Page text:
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COST OF MENTAL PATIENT CARE
AND RESEARCH FOR NEW CURES-1950

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Dr. WORTIS. Mr. Chairman, I would like very much to have Dr. Kety address the committee. STATEMENT OF DR. SEYMOUR S. KETY, ASSOCIATE DIRECTOR IN

CHARGE OF RESEARCH, NATIONAL INSTITUTE OF MENTAL HEALTH Dr. KETY. Mr. Chairman, these eminent psychiatrists have spoken of the good results that can be achieved in the field of the mentally ill. Those of us in the field of research are concerned with those problems remaining in the large areas where the results are not promising, where the psychiatrist does not have the tools or information to cope with the problem. We are working in an area which is largely unknown. We are working in a field where we do not know the fundamental causes. And in the field of mental illness the causes may arise in a very broad spectrum, from the anatomy of the brain to the psychological experiences of the child and throughout his life. Therefore, research in mental illness has to cover this wide spectrum. Although my primary interests are in basic research, I think we should make the point that basic research in medicine flourishes in an atmosphere of clinical medicine. The basic scientist, by constant experience and constant contact with mentally ill patients and with people treating the mentally ill, is constantly stimulated to devote his research energies to these important problems.

I might mention one or two interesting research developments over the past decade or so, to give you the feeling that this is not an entirely hopeless field, and although the path may reach for many years toward ultimate solution, we are achieving results along the way.

Recently there have been 1 or 2 drugs developed. One, lysergic acid, if administered in infinitesimal doses that could hardly be produces a condition similar to schizophrenia. That does not mean that schizophrenia results from something you eat in your food, but the important lead is that here is a chemical substance producing something like schizophrenia. If we could find out where it works in the brain, we might have some important clues as to the nature of schizophrenia.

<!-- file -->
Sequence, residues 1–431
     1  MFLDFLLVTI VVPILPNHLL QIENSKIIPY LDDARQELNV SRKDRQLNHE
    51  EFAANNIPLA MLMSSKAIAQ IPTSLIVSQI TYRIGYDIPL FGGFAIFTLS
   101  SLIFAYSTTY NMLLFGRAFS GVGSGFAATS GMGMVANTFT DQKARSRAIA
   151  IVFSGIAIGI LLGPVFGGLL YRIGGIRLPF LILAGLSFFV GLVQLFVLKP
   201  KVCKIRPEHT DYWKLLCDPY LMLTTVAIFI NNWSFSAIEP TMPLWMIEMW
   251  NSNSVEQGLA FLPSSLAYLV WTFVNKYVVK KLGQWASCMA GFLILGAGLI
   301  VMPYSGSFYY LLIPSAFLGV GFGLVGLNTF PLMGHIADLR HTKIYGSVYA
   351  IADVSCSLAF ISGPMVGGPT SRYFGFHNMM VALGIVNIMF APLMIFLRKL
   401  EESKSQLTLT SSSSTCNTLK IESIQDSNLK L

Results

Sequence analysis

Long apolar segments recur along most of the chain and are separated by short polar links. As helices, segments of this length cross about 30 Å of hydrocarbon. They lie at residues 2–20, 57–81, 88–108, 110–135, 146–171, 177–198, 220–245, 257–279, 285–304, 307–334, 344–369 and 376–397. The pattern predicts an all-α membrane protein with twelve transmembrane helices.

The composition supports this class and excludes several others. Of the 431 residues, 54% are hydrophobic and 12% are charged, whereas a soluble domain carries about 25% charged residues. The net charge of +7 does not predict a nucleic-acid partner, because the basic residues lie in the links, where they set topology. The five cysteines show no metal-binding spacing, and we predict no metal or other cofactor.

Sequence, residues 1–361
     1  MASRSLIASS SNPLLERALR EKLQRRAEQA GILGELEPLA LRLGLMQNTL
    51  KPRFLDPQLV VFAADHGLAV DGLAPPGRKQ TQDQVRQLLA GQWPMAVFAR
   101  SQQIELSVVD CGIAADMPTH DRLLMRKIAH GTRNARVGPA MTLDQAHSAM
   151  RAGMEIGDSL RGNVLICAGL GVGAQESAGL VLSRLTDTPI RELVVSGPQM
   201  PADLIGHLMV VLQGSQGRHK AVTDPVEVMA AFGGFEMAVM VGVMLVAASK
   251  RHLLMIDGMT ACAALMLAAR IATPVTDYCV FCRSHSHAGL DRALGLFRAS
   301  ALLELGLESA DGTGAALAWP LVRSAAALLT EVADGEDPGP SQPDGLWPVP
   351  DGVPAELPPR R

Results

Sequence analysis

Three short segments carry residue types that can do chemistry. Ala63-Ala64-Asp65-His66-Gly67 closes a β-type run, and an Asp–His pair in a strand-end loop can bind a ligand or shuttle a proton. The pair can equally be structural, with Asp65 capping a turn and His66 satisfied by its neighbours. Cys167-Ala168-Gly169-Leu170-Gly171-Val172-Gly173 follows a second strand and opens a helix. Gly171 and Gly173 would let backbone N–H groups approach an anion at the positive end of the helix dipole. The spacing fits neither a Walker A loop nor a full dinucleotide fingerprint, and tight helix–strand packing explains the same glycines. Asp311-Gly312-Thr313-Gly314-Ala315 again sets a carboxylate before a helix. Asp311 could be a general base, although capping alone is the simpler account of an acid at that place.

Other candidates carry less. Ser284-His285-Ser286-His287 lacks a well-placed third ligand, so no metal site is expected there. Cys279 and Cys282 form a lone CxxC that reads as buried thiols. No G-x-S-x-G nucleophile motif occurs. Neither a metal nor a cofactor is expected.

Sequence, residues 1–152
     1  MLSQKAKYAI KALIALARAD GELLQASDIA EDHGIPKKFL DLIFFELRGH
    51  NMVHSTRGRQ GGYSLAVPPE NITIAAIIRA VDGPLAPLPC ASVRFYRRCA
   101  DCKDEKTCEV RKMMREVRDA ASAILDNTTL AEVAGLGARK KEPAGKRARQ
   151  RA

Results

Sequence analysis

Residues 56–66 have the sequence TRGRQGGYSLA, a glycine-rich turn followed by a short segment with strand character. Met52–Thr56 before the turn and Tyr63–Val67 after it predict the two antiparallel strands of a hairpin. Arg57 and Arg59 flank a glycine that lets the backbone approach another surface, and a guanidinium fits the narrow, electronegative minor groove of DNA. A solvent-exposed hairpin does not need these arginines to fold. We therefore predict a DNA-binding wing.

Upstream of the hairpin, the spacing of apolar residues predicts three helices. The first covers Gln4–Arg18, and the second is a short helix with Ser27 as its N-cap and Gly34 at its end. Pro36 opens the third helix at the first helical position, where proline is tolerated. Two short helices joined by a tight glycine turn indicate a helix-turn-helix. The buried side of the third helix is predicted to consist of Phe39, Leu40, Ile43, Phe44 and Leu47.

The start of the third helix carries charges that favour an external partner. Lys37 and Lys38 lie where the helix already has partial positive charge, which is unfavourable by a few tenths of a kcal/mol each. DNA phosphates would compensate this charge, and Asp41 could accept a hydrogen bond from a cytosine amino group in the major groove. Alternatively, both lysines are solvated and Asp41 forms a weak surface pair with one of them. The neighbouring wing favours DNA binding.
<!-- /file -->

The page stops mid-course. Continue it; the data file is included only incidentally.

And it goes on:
Another drug is sodium pentothal, which will bring a schizophrenic into an area where he can be spoken to intelligently. Unfortunately, this persists for only a short time, but it has altered the schizophrenic for that period of time.

Jy group has been doing work on circulation in the human brain, measuring the amount of blood that flows to the living, thinking brain, and the amount of oxygen and glucose which it utilizes.

Schizophrenia is a mysterious disease. For many years it was believed that the schizophrenic became so because his brain did not receive a sufficient amount of blood. Studies have shown that the schizophrenics have a normal blood supply and a normal oxygen supply in the brain, and have suggested that perhaps schizophrenia is not so simple a disease of the brain; it may be related to the past experience of the individual and his impact with society.

The same technique has been used to study people with senile psychosis. In people with senile psychosis there is a marked diminution in blood that flows to the brain and a marked diminution in oxygen to the brain. This is also characteristic of increasing age. All of us, as we grow older, suffer a decrease in the blood flow to the brain. In some the diminution is greater than in others.